"A caressing, torchy voice that enchants even the most hardened theater-goer, plus an astonishing beauty, make gorgeous Lena Horne one of the most exciting blues singers of our time. Her haunting style of singing has lifted this Brooklyn girl to the top of the nation's outstanding entertainers."
We missed a post due to illness here at the WFMU Comic Supplement, but we're back with a vengeance this week with all true-life stories of famous music and entertainment stars of yesteryear, as depicted oh-so-realistically in comic books of their day.
We've got six whole life stories to learn about so let's get right down to it; come and join us for non-fictional fun right after the jump!
Above right, the cover of Juke Box #2, which we'll be re-joining after a few stories from another book.
The cover art is by Allen Ulmer.
Now let's nip over to Famous Stars #6, Spring 1952, with a photo cover from the movie "Iron Man" (really!) starring Evelyn Keyes and Jeff Chandler.
I know you'll recognize the subjects of the next two features! First up, an unsigned but nicely-drawn piece about Gene Kelly:
And here's the back cover of that issue, with Gene-pal again:
Now we'll step back a bit to Famous Stars #4, from Ziff-Davis, the May-June 1951 number with Jane Russell and Robert Mitchum on the cover as they appeared in the film
"His Kind of Woman"...Which would be the breathing kind, I imagine.
Get ready for - Jolie! As drawn by the prolific Jim Mooney.
By the way, the single-page public service ad above right is not from that issue of Famous Stars, but some 1950s romance comic instead.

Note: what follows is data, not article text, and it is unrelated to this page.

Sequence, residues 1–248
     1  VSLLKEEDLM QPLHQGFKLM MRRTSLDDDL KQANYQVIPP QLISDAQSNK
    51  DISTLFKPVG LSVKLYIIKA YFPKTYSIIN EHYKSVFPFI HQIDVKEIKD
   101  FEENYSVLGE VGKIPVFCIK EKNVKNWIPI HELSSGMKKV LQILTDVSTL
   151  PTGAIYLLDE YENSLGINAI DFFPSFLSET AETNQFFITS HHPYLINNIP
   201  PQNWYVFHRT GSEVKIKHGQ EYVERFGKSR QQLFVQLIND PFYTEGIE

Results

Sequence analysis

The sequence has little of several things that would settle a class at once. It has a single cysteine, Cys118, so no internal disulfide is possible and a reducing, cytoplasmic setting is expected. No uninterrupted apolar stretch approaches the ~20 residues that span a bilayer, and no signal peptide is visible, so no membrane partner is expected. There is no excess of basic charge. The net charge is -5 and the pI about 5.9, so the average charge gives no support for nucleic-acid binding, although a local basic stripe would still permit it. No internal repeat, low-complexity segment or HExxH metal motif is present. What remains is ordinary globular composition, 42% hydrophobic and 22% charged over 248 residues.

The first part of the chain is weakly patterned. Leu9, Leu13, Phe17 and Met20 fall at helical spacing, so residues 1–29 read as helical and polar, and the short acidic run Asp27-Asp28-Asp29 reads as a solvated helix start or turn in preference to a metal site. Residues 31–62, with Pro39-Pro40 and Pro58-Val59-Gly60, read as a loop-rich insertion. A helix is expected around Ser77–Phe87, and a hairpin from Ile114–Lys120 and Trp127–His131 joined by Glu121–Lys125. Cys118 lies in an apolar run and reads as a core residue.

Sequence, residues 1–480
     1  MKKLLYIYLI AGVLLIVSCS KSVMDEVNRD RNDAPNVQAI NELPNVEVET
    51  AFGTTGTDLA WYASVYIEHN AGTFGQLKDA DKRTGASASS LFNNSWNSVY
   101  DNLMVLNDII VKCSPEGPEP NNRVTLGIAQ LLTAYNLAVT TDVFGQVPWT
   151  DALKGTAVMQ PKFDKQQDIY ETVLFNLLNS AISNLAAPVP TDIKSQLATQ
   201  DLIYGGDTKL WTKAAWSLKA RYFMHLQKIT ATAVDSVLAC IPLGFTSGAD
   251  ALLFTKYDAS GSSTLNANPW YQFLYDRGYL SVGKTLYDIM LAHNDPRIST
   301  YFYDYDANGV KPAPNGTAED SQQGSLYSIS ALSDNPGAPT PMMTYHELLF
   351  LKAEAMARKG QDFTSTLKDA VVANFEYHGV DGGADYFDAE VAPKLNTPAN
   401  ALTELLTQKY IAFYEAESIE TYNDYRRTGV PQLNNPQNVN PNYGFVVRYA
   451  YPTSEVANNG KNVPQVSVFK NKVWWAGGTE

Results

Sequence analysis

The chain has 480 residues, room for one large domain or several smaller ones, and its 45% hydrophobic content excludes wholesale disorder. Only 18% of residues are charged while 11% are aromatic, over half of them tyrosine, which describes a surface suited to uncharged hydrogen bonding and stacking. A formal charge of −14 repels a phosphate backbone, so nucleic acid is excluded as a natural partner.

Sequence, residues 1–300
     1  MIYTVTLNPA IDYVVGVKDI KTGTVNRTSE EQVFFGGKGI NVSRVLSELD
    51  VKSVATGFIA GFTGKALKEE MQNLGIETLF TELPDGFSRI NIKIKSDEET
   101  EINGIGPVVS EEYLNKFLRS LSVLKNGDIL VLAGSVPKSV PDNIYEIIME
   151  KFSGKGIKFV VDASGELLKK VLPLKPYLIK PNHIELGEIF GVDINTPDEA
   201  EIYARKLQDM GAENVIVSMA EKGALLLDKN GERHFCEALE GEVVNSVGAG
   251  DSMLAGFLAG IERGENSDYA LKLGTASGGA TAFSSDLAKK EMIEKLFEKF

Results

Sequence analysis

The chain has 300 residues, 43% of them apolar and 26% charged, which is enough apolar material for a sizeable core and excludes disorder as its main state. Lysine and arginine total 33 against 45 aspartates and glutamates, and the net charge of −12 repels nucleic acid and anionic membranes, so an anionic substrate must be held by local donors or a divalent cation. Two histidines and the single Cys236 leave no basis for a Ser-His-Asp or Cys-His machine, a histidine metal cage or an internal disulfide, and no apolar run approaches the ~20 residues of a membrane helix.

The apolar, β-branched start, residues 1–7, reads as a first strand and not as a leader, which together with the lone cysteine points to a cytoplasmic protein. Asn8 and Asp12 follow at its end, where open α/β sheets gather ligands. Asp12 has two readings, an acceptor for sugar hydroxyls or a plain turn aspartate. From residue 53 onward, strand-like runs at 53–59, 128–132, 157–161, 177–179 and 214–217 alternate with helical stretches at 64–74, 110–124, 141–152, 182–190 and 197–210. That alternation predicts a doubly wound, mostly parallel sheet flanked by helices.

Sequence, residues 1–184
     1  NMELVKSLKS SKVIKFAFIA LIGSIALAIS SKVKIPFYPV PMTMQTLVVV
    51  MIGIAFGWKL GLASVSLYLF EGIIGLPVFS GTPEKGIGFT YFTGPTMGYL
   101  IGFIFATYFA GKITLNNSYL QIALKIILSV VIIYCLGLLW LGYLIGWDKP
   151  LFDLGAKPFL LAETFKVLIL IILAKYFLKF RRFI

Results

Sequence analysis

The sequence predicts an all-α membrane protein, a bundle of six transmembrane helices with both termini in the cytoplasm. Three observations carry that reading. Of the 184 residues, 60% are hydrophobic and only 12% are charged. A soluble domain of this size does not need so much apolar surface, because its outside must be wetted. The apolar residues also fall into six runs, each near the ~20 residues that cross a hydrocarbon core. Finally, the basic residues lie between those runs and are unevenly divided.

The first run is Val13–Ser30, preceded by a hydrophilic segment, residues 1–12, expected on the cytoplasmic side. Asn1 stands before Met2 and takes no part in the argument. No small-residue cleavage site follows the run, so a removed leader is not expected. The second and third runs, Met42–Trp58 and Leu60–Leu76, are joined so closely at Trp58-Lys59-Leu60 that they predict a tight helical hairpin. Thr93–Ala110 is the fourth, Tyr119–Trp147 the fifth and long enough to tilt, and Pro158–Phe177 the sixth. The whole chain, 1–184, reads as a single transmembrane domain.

And now, just to be confusing, we will re-visit Juke Box Comics, issue #2, to learn the life stories of three very famous musical stars, as depicted in all of their garish four-color glory!
First up - Mr. Cugat, as lovingly rendered by artist Phil Berube.
Love that panel. Next on the menu - the lovely Lena Horne, as drawn by famed African-American artist A. C. Hollingsworth.
And we'll wrap up our bountiful feast of celebrities with this story of the early years of Nat "King" Cole, as drawn by Sid Greene. One thing about this series of comic books that I like is that we see African American characters treated as normally as any other lighter-skinned players, unusual in those times. That said, there are moments in the next story where Cole endures some all-too-realistic humiliations inherent to showbiz that make me wince!
Join us again in two weeks for a whole new batch of cool comic books dredged from the deep damp past, courtesy of the WFMU Comic Supplement, where we strive to keep bringing you high art and culture fit to fill your eyeballs.
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